FIG. 2 shows a graphical representation of the filtered analog data signals Id (t), Qd (t) and the combined IF data carrying signal s(t). As shown in FIG. 2, the filtered analog data signals Id (t), Qd (t) are represented by a spectrum centered around a frequency of zero hertz (Hz) and are referred to as baseband signals. The combined signal s(t) is represented by a spectrum centered about a frequency wc on either side of the baseband signal d(t) and is referred to as a bandpass signal. Bandpass signals facilitate data transmission to a much greater extent than baseband signals and are therefore preferred in data communications systems.
The shaping filters 13a, 13b of the system 10 of FIG. 1 are often referred to as finite impulse response (FIR) filters. FIG. 3 illustrates a theoretical structure of an FIR filter, and is often used to describe such filters. In the theoretical structure illustrated, data (whether real or imaginary) is input at a terminal 28 to a plurality of successive delay elements 30a through 30n. Coefficient data CO through C(N) is input to each of a plurality of terminals 32a through 32n+1, respectively. Multipliers 36a through 36n+1 obtain the product of the coefficients with the input data, as successively delayed by the delay stages 30a through 30n. The products are summed together in an adder 26 which provides the output of the FIR filter.
However, the structure of FIG. 3 is seldom used in practice, because of the complexities involved in making an n input adder, such as adder 26, and the necessity of providing n delay element outputs, which would require n output pins in an integrated circuit implementation. In practice, an FIR filter structure as illustrated in FIG. 4 is often used. Data (real or imaginary) is input at a terminal 40, for application to each of a plurality of multipliers 44a through 44n. Coefficients C(N) through CO are input to each of the multipliers at respective terminals 42a through 42n. The products of the input data and the coefficients are input to a respective delay circuit 46a through 46n via adders 48a through 48n-1, as appropriate.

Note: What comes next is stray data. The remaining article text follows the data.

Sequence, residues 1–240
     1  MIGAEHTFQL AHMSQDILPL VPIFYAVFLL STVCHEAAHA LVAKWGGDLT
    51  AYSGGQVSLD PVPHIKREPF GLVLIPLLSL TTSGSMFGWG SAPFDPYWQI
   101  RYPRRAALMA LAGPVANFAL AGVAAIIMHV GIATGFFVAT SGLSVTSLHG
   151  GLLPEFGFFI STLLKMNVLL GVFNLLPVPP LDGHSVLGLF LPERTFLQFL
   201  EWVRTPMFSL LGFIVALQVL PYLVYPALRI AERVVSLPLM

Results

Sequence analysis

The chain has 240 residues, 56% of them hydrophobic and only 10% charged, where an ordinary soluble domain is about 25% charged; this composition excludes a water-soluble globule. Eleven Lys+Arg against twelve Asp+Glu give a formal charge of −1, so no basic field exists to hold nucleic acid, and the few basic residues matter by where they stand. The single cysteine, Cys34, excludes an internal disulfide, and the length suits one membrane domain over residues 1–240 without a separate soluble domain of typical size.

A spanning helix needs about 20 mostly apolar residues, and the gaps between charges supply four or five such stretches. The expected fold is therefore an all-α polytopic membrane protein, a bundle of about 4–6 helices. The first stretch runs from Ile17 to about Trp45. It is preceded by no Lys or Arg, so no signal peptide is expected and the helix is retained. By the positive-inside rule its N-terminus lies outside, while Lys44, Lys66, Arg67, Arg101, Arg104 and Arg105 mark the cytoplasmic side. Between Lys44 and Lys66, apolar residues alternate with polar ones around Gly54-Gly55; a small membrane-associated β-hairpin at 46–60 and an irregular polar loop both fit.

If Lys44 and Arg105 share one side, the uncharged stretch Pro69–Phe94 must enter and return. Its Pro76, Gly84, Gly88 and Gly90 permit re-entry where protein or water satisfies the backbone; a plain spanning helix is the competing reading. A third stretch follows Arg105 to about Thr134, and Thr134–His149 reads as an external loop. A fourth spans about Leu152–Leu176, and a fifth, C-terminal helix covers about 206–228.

The present invention provides a novel hardware implementation for the shaping, or FIR, filters 13a and 13b of the system of FIG. 1. The implementation eliminates the use of adders and multipliers as shown in both the theoretical model of an FIR filter of FIG. 3 and the known implementation of an FIR filter of FIG. 4.